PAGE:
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Teaching kids values

By Stephanie Kim. Photos by Win Grant and Susan Brown.

I have struggled with what values I’m teaching my daughters. Of course I want them to do well, to be successful, to reach their full potential.

But am I emphasizing things that make them think that perfect grades and being the best are what’s most important? That they must have a respectable career or make a lot of money to be successful?

calloutWhile I was born and raised in the U.S., my immigrant parents have heavily influenced me with the Korean culture. Some say Koreans have such a fierce warrior spirit and tenacious drive to achieve because of the history of Koreans continually fighting invaders. In my family, we were always expected to be the best, the brightest, to achieve first place because second place wasn’t acceptable. The American culture also encourages being number one, working your way up the corporate ladder, being all that you can be. Seeking perfection is part of both my cultures.

Kim/Wass extended family

Stephanie with her parents and daughters.
Photo by Win Grant.

I began questioning this when I realized my idea of success would have to change. The day I received a letter from my daughter Maria’s school informing me she was accepted into the Gifted and Talented Program was the same day my younger daughter, Julia, was officially labeled as intellectually disabled. It was no longer about being the smartest, having straight A’s, and achieving a professional career. It made me start thinking about how I could help both of them be successful.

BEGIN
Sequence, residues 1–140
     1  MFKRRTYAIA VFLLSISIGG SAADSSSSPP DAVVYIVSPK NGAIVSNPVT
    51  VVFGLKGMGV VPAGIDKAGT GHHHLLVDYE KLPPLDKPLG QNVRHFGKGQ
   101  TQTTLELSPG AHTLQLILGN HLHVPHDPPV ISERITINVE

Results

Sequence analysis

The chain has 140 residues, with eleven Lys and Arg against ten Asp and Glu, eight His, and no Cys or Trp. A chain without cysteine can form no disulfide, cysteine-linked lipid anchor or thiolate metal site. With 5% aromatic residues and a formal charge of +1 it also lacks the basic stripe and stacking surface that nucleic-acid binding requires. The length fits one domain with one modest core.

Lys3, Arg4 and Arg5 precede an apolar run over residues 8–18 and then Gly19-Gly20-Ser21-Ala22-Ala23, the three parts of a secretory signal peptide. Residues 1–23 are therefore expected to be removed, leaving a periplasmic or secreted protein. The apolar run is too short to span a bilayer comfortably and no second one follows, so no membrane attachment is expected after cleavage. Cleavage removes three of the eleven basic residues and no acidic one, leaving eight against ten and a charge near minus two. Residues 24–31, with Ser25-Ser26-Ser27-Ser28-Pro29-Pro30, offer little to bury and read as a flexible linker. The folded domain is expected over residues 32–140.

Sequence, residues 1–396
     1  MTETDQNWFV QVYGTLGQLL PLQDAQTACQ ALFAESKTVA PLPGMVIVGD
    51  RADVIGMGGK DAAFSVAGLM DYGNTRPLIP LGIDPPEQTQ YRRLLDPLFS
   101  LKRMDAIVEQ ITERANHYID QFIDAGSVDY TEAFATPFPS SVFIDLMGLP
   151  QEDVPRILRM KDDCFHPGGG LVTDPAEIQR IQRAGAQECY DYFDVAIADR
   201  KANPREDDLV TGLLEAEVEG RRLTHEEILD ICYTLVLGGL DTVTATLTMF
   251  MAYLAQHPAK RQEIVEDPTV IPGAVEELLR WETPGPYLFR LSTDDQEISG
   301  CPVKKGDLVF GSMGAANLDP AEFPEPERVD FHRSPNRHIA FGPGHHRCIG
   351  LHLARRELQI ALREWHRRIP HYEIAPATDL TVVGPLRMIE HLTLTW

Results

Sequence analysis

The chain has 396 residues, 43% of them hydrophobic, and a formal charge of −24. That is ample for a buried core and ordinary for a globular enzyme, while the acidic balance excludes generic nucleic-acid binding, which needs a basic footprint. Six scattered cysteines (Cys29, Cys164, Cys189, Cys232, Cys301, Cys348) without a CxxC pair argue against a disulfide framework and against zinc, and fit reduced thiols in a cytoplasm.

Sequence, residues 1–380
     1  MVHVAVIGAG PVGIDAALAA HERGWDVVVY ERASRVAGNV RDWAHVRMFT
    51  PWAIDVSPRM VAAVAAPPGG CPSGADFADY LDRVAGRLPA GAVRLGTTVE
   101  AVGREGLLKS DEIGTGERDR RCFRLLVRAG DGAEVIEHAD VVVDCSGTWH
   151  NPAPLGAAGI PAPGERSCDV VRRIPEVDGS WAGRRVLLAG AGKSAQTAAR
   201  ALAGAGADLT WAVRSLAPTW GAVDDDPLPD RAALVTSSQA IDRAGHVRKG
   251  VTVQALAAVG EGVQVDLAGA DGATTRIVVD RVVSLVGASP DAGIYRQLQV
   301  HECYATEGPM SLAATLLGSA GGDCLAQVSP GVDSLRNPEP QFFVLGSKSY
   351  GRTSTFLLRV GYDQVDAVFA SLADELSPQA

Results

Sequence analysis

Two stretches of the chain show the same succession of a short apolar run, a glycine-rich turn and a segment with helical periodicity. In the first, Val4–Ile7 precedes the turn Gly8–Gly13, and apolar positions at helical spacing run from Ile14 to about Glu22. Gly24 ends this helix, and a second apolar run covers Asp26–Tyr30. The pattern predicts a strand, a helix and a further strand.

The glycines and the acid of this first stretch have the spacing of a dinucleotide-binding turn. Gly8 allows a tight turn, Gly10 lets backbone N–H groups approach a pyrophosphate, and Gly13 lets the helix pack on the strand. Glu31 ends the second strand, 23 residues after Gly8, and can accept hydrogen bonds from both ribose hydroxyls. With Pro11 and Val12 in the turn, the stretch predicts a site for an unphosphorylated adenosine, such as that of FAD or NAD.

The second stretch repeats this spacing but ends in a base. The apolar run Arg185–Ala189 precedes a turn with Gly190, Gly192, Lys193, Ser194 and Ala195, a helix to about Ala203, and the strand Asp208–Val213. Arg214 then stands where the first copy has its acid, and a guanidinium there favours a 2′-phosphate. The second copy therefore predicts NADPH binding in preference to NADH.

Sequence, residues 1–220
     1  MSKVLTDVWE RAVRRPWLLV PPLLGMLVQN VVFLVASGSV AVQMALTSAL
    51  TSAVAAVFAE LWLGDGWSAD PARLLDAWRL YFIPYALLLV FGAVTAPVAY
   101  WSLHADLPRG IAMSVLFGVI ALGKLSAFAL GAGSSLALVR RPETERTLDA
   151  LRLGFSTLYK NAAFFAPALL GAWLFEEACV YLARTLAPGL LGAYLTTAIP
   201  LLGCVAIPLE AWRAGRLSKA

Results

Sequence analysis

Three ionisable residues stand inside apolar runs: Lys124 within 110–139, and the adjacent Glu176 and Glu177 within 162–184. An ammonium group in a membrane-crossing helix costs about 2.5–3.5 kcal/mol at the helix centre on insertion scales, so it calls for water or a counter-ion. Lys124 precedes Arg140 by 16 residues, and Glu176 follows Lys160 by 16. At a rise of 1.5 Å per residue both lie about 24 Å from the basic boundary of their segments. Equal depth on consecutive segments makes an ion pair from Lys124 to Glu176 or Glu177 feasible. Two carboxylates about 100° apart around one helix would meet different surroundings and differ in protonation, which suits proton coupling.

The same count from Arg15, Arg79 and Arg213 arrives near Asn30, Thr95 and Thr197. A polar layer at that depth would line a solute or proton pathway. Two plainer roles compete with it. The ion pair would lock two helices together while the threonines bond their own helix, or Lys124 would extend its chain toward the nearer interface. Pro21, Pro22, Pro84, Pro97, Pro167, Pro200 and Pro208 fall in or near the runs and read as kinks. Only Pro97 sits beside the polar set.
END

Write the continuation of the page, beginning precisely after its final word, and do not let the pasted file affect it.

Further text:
But what is success?

I thought about Maria’s lessons from years of tae kwon do where she has memorized its tenets – indomitable spirit, perseverance, courtesy, integrity, and self-control. And while she’s working her way up the different color belts towards the ultimate goal of being a black belt, she is learning many technical skills along the way. What if she learns all the forms well, knows all of the sparring techniques, memorizes all the terminology, and can do all of the self-defense techniques to earn a black belt, but doesn’t follow the tenets of tae kwon do? Does that make her successful?

Kim/Wass family

Photo by Susan Brown.

What if she makes straight A’s, goes to a good college, lands a great job earning lots of money? Does that mean she is successful?

Jesus teaches in Mark 9:35 “Anyone who wants to be first must take last place and be the servant of everyone else” (NLT). This has always been hard for me to digest being in direct conflict with the culture I grew up in. I also read in 1 Corinthians 13:2, “…if I knew  all the mysteries of the future and knew everything about everything, … And if I had the gift of faith so that I could speak to a mountain and make it move, without love I would be no good to anybody” (NLT).

I’m beginning to think that there are more important values to teach my kids than the drive to achieve. Not that I don’t want my kids to use the talents God has given them to their fullest, but I’m also trying not to push them so hard toward achievement that they think that is the measure of success.

There are many “successful” people in this world – in respectable careers or with tremendous wealth or fame. But many have achieved these at the cost of relationships with family and friends. They’re still searching for happiness and peace, and wondering what is missing from their lives.

I want to teach my children to love God so wholeheartedly that they will put their complete faith and trust in Him, and then share with others the sacrificial love they have received from Christ. I can’t guarantee an easy life, a good job, wealth, or fame, but I know with that kind of love and faith they can endure any hardship, persevere through the most difficult challenges, and live a life filled with overflowing love, genuine peace, and abundant joy. That’s what I call success.

Editor’s note: Previously published in the Richmond Times Dispatch, June 9, 2012.


Stephanie KimStephanie Kim is Director of Finance for the Tobacco Indemnification and Community Revitalization Commission. She is an active member of Richmond’s First Baptist Church and often participates in worship services as flutist. She resides in Mechanicsville. She can be reached at flute2tr@comcast.net.

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